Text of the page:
In this episode Jared O'Leary unpacks his (2020) publication titled “Intersections of popular musicianship and computer science practices,” which discusses potential implications of hardware and software practices that blur the boundaries between music making and computer science.
In this interview with Monica McGill, we discuss the nuances of identities in relation to conversations around equity, the importance of having many pathways in CS, designing games for purposes beyond pure entertainment, codeveloping CS courses with students, how researchers and K-12 practitioners can use CSEdResearch.org, our thoughts on bridging the gap between research and practice, opportunities for the field to continue to grow, the influence of outside forces on K-12 education, and so much more.
In this episode I unpack Chongo, Osman, and Nayan’s (2021) publication titled “Impact of the plugged-in and unplugged chemistry computational thinking modules on achievement in chemistry,” which investigated achievement outcomes between a chemistry unit in three groups: 1) chemistry classes integrated with Scratch projects, 2) chemistry classes integrated with both unplugged and Scratch projects, and 3) chemistry classes with no focus on computational thinking.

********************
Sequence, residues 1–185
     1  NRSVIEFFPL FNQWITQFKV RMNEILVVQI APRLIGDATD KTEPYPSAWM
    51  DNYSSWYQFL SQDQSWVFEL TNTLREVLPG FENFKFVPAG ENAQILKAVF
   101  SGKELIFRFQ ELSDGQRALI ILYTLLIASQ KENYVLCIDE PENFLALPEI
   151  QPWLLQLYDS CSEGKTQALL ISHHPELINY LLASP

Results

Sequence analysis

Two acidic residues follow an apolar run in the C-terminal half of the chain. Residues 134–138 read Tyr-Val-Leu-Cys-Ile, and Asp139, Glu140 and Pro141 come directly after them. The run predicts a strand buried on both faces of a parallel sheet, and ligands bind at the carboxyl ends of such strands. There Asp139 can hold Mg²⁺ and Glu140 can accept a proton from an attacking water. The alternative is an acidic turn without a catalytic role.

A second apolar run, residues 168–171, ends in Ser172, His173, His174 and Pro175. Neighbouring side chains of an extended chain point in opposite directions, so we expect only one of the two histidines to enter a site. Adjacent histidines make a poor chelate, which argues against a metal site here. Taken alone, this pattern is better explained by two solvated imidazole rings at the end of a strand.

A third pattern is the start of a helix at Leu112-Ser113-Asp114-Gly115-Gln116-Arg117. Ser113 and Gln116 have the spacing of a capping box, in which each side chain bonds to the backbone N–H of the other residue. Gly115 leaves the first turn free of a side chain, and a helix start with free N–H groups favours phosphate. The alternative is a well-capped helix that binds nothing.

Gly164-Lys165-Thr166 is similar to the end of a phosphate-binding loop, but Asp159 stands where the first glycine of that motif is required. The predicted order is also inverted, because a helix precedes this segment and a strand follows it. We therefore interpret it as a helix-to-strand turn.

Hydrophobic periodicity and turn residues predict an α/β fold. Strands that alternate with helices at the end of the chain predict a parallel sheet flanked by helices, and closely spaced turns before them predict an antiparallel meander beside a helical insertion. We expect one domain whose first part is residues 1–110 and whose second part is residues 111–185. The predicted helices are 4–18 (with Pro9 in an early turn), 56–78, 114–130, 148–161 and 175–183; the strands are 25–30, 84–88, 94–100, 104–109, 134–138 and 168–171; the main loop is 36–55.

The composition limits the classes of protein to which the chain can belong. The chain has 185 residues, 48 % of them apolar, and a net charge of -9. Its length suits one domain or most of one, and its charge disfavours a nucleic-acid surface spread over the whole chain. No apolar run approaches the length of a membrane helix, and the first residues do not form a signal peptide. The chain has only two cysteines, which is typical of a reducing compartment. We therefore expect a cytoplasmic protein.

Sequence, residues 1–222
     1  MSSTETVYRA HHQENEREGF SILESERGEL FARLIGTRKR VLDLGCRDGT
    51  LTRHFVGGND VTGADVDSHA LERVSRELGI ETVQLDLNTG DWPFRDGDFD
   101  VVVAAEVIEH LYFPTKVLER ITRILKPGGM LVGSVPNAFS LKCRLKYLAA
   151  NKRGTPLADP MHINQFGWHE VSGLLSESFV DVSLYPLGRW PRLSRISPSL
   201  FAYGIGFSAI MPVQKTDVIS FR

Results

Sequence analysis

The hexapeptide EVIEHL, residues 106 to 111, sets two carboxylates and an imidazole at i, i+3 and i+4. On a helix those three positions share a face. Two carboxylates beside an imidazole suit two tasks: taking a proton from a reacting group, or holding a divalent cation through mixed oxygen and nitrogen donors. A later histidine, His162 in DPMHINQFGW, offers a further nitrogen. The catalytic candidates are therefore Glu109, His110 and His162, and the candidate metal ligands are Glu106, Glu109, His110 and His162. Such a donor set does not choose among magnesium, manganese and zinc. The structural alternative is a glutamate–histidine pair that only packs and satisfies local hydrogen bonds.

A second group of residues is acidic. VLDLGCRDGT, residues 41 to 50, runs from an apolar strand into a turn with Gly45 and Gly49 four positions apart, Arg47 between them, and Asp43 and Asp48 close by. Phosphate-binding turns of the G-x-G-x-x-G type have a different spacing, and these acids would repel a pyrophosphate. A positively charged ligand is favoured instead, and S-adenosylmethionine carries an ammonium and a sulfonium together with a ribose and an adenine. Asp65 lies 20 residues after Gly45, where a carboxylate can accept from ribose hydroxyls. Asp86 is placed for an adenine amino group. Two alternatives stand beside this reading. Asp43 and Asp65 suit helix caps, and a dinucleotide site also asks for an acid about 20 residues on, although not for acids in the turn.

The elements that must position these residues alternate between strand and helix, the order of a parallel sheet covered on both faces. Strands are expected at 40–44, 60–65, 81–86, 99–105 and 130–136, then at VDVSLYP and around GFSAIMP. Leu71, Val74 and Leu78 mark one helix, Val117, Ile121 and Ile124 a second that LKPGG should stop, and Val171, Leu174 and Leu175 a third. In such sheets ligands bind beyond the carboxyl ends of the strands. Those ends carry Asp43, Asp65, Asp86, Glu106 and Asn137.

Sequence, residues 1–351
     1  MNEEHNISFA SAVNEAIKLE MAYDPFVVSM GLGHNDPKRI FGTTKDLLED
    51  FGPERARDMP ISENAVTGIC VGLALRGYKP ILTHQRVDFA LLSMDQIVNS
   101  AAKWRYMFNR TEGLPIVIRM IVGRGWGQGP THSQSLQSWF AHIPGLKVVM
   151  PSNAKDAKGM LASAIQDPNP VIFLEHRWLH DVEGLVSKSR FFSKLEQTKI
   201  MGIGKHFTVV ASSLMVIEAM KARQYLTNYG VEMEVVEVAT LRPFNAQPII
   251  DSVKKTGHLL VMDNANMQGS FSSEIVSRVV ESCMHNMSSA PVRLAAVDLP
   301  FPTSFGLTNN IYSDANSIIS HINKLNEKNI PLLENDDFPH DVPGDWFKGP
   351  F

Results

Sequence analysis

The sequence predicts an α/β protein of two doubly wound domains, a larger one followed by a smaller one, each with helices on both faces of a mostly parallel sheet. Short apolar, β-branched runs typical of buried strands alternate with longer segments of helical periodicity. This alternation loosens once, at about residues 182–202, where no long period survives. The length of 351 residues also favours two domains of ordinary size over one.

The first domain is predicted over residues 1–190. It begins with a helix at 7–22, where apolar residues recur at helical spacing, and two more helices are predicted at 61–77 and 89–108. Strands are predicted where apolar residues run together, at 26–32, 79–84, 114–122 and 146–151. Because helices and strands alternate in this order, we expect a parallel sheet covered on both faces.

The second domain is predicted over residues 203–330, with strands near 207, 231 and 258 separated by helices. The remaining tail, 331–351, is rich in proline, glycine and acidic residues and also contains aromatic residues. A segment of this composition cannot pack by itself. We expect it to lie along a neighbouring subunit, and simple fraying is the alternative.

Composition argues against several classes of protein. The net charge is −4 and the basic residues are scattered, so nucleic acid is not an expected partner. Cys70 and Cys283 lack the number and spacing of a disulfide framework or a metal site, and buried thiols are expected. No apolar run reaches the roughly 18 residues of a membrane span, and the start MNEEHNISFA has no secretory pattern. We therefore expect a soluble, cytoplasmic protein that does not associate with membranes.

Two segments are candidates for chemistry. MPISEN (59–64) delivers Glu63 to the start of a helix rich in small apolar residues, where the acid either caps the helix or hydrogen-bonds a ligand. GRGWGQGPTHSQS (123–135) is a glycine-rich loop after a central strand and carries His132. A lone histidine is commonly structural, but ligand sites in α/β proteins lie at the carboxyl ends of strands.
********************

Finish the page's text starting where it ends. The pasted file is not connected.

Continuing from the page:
In this episode Jared O'Leary unpacks Scott and Elliott’s (2020) publication titled “STEM diversity and inclusion efforts for women of color: A critique of the new labor system,” which uses the metaphor of sharecropping to problematize the new labor system around STEM education and careers.
In this interview with Aria Chernik, we discuss student-centered engagement situated within authentic contexts, problems with focusing entirely on capitalistic purposes of education, using critical pedagogies to problematize power dynamics in the classroom, using an open design for learning, the phenomenology of collaboration, creating a space that encourages taking risks in education, and much more.